The offenders, who had already been detained for 22 days without the chance to be represented by lawyers, each received between six and 10 strokes of a rattan cane across the back from a masked and hooded algojo, or flogger. A noisy crowd of about 2,000 people witnessed the floggings, held outside the main mosque in Biruen after Friday prayers.
Aceh is the only province in Indonesia to implement Sharia law, a freedom granted to the courts as part of an autonomy package offered by Jakarta in an effort to quell separatism in the province. Despite the fact that Indonesia is the world's largest Muslim country (some 88% of its 230 million population are registered as Muslims), Islam has never been declared the national religion.
Sharia law is a comprehensive set of laws that govern everything from banking to prayer, theft and adultery. But among Muslim groups there is no single interpretation of Sharia, as it is based on teachings from many noted scholars (ulemas) who have different interpretations of the two main sources of Islamic law - Islam's holy text, the Koran, and hadith (the traditions and sayings attributed to the Prophet Mohammed).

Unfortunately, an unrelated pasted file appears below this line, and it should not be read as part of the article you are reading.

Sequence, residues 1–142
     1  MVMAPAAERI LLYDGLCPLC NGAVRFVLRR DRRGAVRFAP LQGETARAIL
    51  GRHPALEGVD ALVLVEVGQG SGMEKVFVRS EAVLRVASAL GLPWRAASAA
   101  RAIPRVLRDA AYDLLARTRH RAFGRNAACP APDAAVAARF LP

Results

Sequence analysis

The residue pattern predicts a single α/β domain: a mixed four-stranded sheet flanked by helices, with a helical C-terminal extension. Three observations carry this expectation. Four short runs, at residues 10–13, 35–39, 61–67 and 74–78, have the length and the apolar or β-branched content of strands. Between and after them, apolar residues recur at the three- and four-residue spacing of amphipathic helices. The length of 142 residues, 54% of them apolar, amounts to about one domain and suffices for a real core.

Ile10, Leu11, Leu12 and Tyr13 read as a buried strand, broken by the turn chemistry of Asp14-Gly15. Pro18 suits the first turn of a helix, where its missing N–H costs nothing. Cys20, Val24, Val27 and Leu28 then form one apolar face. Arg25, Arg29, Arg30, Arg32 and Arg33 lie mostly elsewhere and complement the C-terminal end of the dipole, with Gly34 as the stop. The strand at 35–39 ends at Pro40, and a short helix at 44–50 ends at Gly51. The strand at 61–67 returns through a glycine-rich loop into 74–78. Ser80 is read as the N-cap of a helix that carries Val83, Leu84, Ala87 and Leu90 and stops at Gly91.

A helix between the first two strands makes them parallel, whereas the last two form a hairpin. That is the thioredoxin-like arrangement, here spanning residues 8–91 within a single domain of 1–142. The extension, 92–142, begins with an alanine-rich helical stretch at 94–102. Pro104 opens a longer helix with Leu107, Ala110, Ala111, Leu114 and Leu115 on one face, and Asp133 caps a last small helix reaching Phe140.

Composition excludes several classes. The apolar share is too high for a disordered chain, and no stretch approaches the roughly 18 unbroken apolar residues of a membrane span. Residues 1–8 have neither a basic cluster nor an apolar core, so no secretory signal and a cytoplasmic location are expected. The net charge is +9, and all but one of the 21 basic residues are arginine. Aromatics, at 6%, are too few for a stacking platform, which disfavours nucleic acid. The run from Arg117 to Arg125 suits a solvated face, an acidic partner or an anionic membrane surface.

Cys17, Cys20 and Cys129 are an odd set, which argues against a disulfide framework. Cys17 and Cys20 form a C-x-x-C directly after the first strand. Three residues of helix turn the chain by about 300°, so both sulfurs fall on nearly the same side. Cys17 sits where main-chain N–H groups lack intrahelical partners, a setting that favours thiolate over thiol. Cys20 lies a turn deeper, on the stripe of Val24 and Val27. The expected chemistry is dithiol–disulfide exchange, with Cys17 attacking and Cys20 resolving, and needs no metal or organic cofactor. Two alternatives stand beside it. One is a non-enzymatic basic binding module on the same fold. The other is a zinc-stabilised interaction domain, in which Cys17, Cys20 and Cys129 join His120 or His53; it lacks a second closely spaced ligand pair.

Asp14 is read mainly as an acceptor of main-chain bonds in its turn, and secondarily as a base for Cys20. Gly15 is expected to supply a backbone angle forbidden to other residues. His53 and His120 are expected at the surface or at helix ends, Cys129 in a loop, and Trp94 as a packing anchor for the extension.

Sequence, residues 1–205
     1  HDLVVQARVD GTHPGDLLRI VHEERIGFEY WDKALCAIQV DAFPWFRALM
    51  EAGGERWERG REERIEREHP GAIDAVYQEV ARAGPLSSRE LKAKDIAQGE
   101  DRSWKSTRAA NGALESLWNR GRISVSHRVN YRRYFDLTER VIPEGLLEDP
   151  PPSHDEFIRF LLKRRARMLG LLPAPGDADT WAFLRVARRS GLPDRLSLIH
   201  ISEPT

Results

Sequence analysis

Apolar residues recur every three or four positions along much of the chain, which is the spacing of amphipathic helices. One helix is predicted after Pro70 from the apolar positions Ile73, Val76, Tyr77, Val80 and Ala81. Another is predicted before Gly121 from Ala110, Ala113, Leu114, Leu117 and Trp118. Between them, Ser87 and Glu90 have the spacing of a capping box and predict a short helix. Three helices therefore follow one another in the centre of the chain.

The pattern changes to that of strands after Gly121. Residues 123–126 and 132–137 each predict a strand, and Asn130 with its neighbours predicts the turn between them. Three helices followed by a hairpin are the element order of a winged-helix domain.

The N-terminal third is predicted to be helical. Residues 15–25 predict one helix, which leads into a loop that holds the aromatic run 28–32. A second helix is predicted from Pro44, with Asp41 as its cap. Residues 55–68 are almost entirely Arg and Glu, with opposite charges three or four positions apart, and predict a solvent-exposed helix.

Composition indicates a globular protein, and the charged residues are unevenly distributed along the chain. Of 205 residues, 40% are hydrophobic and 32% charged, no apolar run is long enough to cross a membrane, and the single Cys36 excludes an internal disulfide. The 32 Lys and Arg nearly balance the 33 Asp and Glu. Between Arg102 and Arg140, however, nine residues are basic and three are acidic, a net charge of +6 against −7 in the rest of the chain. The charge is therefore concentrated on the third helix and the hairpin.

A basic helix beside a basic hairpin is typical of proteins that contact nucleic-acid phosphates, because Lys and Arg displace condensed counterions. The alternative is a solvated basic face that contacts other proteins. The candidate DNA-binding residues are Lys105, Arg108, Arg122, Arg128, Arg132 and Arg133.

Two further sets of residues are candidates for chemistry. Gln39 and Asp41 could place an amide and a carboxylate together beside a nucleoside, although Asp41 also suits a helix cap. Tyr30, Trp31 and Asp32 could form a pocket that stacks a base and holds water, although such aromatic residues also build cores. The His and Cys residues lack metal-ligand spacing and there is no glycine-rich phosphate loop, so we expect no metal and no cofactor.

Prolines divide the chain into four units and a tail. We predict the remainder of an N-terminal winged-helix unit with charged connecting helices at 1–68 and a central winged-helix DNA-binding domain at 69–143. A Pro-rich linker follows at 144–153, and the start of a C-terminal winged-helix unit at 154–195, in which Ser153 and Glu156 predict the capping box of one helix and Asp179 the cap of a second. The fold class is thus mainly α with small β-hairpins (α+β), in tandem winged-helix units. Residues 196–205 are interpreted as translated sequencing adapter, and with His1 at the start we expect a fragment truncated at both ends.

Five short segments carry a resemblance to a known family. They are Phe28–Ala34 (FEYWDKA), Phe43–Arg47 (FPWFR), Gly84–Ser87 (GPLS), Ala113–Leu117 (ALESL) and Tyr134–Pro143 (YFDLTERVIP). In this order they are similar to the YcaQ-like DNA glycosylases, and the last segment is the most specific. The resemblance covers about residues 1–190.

Saudi Arabia administers Sharia to the full. Thieves have their hands chopped off as punishment - the so-called hudud laws - while adulteresses are stoned to death. Though caning is frequently practiced in Singapore and Malaysia as a judicial punishment, it is not carried out in public.
There seems little danger of Sharia spreading to other provinces in Indonesia. But the question remains: is the gentle caning of a few small-time punters in a province that suffered the loss of more than 128,000 people and saw much of the government infrastructure destroyed by last year's tsunami, the thin edge of the wedge?
No Islamic state The founding fathers dismissed demands for an Islamic state at independence in 1945, but the Acehnese, who saw the revolution against the Dutch in the 1940s as an Islamic struggle, felt that Sukarno, the country's first president, had let them down by going back on his earlier promise to allow the province to fully implement Sharia.
They had to wait until January 2001 before being granted permission to implement Sharia as part of a broad autonomy offered by then-president Abdurrahman Wahid that allowed the province to implement partial Sharia law and have its own Sharia police and education system.